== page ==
i was going to say you were the book-averse equivalent of Cayce in Pattern Recognition, but your allergy to printed matter is a bit more severe than hers to branding. They have medication for that, Mike. Hey, I bought some PRINTED BOUND MATTER tonight. for myself – i got “Little Brother” so i can read it with my nephew (well, not literally with him, but during a relatively similar timeframe) and so i can participate in an online book club discussion of it. I imagine they would have accepted my taking it in via ebook, but the book club is run by Vroman’s bookstore, and i wanted to be supportive. You, too should participate: http://budurl.com/heb2 – all the cool kids are doing it.
    So, in spite of your inclination to burn pretty paper objects, I agree w/ you about 70% of the time. Good postie!

  2. mikecane Says:

    Cayce did Pilates. Ew.

  3. Claire Says:

    My house has far more “physical books” than I know what to do with. I have taken some to the local jazzercise center (which has a book swap shelf) and thought maybe I should mail some boxes randomly to some of those bed & breakfasts that keep tantalizing books around for their guests. Even though I have (an early version 1 kindle) I haven’t quite gotten in the habit of using it all the time. I want to though – lighter suitcases and travel bags on trips, etc. I have a friend who only buys hard cover books (this takes physicality to the extreme) (or maybe she only keeps hard cover books. All of this is by way of saying ebooks are a great idea, but take a little getting used to. I’m sure the habit of physically browsing books in a bookstore to discover some new reads you might not have found otherwise will get replaced with browsing Amazon (big advantage to them versus independent sellers). (On a random side note, my son had to highlight certain words in a book he’s reading for english – searching for those words on Amazon in one of their “look inside” versions certainly made the job easier…).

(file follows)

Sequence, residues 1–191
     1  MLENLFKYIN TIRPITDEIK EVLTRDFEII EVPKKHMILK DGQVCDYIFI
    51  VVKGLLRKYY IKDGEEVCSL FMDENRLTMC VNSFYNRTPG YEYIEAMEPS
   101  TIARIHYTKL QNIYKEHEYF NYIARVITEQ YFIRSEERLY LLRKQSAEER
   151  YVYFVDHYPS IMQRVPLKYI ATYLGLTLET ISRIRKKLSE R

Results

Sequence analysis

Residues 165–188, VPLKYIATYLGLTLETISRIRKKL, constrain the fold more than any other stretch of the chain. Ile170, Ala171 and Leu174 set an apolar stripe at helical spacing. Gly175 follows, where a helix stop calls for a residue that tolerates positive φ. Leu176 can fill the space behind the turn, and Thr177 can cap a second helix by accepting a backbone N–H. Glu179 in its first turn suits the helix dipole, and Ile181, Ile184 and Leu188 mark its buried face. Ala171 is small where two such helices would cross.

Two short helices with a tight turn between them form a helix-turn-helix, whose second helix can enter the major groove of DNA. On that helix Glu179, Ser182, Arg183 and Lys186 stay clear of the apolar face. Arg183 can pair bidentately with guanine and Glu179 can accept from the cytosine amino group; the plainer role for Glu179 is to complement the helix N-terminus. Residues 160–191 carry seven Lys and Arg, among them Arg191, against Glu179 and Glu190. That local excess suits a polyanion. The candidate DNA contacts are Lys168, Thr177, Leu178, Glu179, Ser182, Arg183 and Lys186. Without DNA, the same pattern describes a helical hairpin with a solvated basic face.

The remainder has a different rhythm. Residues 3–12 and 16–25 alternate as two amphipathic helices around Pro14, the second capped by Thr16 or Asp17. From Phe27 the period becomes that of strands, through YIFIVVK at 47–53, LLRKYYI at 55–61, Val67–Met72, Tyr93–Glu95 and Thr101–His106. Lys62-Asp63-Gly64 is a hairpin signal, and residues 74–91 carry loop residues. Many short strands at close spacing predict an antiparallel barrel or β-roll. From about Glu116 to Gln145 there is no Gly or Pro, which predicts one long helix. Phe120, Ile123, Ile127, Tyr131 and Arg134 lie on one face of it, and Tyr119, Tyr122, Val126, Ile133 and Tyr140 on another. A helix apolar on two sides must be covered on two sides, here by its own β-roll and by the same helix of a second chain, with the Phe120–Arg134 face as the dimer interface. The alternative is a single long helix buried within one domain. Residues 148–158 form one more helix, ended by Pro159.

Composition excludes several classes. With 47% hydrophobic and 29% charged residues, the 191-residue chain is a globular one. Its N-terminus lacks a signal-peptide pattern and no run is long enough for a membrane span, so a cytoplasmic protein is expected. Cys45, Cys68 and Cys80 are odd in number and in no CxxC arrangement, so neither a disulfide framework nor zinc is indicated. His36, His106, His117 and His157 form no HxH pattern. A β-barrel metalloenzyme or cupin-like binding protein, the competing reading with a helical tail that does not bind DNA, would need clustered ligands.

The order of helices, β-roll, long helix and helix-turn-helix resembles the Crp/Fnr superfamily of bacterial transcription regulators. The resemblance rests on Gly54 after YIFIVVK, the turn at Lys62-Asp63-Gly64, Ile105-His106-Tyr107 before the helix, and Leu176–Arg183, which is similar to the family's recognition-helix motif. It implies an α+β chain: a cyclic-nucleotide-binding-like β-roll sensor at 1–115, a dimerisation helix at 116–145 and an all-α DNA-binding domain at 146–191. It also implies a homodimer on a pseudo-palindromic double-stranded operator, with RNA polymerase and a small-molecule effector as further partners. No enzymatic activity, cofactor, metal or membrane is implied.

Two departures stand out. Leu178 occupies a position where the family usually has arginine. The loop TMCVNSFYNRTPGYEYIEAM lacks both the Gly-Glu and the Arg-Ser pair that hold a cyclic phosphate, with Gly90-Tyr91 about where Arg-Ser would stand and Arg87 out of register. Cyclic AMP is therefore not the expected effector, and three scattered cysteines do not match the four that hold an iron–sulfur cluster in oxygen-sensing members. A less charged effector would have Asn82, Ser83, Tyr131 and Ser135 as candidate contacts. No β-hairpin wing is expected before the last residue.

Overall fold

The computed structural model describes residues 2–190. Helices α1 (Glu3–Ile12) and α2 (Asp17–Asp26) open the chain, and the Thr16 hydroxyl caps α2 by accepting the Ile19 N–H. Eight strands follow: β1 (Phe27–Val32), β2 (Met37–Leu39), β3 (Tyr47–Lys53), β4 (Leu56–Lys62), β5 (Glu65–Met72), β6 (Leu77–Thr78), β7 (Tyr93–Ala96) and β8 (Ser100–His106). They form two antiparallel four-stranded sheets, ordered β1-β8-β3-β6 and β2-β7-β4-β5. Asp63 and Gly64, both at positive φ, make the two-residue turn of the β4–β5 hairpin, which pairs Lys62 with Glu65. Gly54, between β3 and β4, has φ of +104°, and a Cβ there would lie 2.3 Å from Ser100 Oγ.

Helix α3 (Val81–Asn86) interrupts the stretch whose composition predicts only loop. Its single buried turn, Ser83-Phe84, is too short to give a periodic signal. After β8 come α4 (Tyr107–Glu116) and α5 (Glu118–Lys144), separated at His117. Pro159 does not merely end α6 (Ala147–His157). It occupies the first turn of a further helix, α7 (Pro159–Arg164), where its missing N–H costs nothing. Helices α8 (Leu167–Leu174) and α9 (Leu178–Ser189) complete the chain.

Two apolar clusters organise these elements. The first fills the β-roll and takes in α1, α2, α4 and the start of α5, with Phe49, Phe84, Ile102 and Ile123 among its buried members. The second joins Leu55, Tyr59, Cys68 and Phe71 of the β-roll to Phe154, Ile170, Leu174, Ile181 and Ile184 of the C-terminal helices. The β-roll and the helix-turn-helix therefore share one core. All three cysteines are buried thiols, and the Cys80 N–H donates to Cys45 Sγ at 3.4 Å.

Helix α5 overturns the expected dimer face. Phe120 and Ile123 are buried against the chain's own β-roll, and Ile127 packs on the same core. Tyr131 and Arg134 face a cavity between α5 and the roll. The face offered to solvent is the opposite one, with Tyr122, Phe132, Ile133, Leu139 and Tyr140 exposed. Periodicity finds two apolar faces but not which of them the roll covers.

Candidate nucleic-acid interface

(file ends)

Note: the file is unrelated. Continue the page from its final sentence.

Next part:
4. mikecane Says:

    >>>searching for those words on Amazon in one of their “look inside” versions certainly made the job easier…

    That is sooo clever!

  5. pericat Says:

    When we moved house last August, I paid out better than 6000 dollars to the guys with the trucks. Not to pack anything, just to haul it all. At least $4000 of that was for moving the books. We have 26 6×4 bookcases, more of smaller sizes, 600 linear feet or so of books, and this after giving away, selling or trashing several boxes’ worth.

    This can’t go on. It’s like a herd of elephants tethered to my waist. More and more, ebooks are looking like the way out.


  6. If you chucked out the albatross, you’d have room for one more book.


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  8. […] stumbled on this interesting blog post a couple weeks ago. This guy has a lot of really insightful things to say, especially considering […]

  9. kargosh Says:

    Paper books of the kind that can be passed on after reading? Of the kind that can never, never be altered or deleted, by publisher or ebook reader developer? The kind that won’t break if you drop them and won’t be destroyed forever if you spill a drink on them? Books we can read in complete privacy because we know the publishers can’t snoop on out habits to sell us more stuff that enriches them but not us?

    Sorry, I see ebooks as a slightly underspecced version of the original whose flaws we tolerate for the sake of convenience.

    • mikecane Says:

      Paper books that have deformed several of my lower back discs and have led to chronic pain problems from having to pack and move them several times in my life.